“…. ‘More than any artist including Norman Rockwell, Sundblom defined the American Dream in pictures, proved by his work for virtually the entire Fortune 500’. I think it’s important to remember that ‘Sunny’ was about a lot more than Santa…”
Sundblom saw some of Terpning’s work and recognised the talent of this young artist and in 1950; he employed him as an apprentice in his Chicago studio. His starting wage was a princely sum of thirty-five dollars per week! Life as an apprentice was difficult to start with as all Terpning did was to be at the beck and call of his bosses, running errands, building crates and cleaning their paint brushes. However, he did what was asked of him and after eighteen months he was able to work on his own first commission. He remained in the Chicago for five years, before moving to an art studio in Milwaukee in 1955. It was during these years in the mid West that he started to paint pictures depicting farmers, their farm equipment and life on the farm.
Three years later, in 1958, he returned to New York, the first city where he first unsuccessfully tried, a decade earlier, to gain artistic work. However this time he managed to land a job with Stephens Bionde de Chico, a leading Chicago studio. In 1961 he painted the first of over 80 movie posters, The Guns of Navarone. Later he would produce film posters for such films as The Sand Pebbles, The War Wagon, Gone With The Wind (reissue), Ice Station Zebra, Doctor Zhivago, Cleopatra, Grand Prix, 55 Days at Peking and Lawrence of Arabia. He carried on creating illustrating film poster illustrations until the mid 1970’s.
By 1962, he was working as a freelance artist and had his own studio and agent who set about finding him commissions. As a result, Terpning was able to work from his home studio eliminating the long commute into NYC. During this time, his output of illustrations was phenomenal.
In 1967 Terpning was approached by the Marine Corps to join the The Combat Art Program run by Colonel Raymond Henri who had gathered together a number of Marine and civilian artists and illustrators and sent them to Southeast Asia to record on canvas the events of the war. Terpning agreed and was sent to the battle front with the temporary rank of Major where he was given freedom to go out on patrol with the marines, be on a medivac helicopter which picked up the wounded troops and by doing this, seek out material for his paintings. He stayed in Vietnam for six months. In all he completed six paintings featuring the Marines at war which now can be seen at the Marine Corps Museum in Washington DC. During his six month stay in Vietnam not only did he witness the bravery of the American troops he witnessed the suffering of the Vietnamese civilians and developed empathy for their plight. A decade on this empathy for the downtrodden would be transferred to the lot of the Native Americans at the hands of the white settlers and prospectors who wanted their lands.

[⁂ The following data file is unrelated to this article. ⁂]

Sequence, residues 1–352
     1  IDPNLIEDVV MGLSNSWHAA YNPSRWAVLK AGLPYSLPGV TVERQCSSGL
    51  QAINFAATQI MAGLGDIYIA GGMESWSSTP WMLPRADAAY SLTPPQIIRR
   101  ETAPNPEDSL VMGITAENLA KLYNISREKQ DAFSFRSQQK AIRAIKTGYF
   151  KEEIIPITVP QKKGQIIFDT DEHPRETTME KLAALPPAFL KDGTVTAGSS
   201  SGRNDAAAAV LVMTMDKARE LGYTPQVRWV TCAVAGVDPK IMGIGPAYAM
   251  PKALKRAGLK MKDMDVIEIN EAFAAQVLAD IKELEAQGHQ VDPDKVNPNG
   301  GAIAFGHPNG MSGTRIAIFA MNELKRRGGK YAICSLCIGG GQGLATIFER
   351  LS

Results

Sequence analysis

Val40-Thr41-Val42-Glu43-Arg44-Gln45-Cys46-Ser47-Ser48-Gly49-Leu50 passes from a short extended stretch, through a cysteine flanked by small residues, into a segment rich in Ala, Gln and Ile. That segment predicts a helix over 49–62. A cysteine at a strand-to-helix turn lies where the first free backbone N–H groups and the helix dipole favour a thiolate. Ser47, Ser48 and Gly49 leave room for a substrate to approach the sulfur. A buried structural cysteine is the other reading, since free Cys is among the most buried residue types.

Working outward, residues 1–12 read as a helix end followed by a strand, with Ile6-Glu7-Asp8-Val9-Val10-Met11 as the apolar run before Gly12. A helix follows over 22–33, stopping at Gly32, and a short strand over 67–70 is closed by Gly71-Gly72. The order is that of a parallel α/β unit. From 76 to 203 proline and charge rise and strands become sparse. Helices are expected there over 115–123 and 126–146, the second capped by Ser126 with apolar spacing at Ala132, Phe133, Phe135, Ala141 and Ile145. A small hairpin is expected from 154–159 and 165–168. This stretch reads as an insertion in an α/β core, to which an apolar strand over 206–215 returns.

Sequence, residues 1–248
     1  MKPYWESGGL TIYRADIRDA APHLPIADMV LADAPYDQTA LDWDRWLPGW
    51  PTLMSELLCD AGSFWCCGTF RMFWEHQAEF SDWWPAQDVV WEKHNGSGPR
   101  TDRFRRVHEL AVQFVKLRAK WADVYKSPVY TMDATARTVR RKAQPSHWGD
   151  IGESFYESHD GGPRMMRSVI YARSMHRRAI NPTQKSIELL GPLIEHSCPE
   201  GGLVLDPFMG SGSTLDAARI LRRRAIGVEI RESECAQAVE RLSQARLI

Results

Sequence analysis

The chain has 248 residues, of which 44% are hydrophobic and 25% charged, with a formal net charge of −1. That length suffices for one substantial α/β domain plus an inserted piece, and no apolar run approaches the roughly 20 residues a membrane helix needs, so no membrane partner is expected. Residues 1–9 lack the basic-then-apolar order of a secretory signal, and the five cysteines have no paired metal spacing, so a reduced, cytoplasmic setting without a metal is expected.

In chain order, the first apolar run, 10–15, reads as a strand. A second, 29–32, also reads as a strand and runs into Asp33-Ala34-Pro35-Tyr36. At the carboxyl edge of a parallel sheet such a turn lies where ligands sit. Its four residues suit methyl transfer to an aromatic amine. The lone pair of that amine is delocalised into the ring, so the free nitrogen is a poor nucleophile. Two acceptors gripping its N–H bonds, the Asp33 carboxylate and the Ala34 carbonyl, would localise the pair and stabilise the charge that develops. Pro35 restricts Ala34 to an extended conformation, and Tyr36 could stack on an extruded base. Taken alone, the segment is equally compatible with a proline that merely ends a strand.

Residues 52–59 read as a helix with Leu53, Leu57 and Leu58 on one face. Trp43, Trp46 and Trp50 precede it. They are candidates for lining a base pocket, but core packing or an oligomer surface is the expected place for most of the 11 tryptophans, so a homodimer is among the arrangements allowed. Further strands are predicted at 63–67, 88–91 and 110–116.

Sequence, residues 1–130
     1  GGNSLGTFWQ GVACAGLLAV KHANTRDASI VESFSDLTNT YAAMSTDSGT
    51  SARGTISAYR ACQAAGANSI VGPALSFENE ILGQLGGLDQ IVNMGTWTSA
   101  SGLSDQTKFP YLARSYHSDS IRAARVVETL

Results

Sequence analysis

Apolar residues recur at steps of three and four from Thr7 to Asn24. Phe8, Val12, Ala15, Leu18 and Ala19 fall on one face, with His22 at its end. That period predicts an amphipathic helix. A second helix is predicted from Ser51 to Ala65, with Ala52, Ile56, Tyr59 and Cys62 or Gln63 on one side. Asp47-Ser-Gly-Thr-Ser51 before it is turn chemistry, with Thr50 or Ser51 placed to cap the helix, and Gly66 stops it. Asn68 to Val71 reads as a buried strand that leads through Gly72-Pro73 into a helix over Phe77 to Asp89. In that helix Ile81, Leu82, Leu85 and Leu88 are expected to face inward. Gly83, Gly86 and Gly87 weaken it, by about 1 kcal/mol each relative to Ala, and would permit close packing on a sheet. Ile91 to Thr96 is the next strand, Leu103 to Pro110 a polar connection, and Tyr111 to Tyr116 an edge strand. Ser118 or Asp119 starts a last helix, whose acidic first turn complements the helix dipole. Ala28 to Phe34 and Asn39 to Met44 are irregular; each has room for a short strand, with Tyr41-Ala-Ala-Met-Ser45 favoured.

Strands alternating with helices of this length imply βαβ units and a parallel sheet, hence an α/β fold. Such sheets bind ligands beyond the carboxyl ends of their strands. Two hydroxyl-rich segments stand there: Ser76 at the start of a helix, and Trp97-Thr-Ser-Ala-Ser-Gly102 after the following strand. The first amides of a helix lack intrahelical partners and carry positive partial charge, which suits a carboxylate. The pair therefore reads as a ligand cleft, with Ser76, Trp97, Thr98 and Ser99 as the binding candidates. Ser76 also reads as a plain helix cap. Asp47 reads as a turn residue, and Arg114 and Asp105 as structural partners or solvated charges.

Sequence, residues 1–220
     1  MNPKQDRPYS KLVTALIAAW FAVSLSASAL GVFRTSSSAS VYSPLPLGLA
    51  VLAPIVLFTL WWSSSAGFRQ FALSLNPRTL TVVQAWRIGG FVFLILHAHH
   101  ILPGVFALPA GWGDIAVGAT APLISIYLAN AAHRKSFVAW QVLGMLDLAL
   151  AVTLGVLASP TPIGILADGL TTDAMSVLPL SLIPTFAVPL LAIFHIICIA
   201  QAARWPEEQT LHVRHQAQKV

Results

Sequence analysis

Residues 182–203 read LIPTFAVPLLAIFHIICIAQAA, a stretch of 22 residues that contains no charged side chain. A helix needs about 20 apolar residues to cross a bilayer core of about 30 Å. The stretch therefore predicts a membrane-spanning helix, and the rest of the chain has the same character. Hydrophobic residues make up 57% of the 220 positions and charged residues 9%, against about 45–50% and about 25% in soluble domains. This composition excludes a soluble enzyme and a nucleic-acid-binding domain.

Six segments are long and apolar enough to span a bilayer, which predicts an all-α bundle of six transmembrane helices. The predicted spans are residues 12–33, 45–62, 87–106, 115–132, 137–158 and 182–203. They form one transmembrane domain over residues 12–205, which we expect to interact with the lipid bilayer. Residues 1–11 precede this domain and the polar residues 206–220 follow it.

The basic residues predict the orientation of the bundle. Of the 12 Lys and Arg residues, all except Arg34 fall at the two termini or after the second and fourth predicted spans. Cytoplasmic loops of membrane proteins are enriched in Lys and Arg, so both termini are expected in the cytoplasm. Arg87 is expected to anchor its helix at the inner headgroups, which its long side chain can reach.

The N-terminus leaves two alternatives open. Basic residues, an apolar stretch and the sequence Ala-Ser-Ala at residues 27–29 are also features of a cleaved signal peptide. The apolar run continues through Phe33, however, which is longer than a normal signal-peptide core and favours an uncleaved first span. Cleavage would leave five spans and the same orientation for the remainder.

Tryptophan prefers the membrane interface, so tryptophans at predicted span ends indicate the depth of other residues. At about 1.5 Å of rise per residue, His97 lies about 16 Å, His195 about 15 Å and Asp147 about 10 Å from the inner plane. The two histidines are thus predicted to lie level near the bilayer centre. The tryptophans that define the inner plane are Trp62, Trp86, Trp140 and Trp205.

Another of Terpning’s paintings which focused on the transition of Native American children to adulthood can be seen in his work, Passing into Womanhood. The picture looks at the rite of passage of a young Cheyenne girl, who is taking part in a ceremony which announces her coming into puberty. The Cheyenne had the tradition that they would reveal to the rest of the people in the camp the fact that the girl had reached the age that signified the passage in her life when she moves from being a child to life as a woman. This initiation ceremony was normally carried out by the girl’s grandmother
There are three women in the painting. To the left, we see the white haired grandmother and to her right is the young girl with her hair combed out of the normal braids. She wraps her nakedness in a robe. In the foreground is a woman mixing up a red dye which she would later daub onto the naked body of the young girl. On the floor of the tipi, before the young girl, there is a smouldering fire onto which has been sprinkled with sweetgrass, juniper needles, and white sage. The young girl leans towards the smoking fire, opening her robe so the rising smoke from the incense would pass about and over her body. Following the conclusion of the ceremony, she and her grandmother would leave their home lodge, and the young girl would then stay in a smaller one for a period of four days.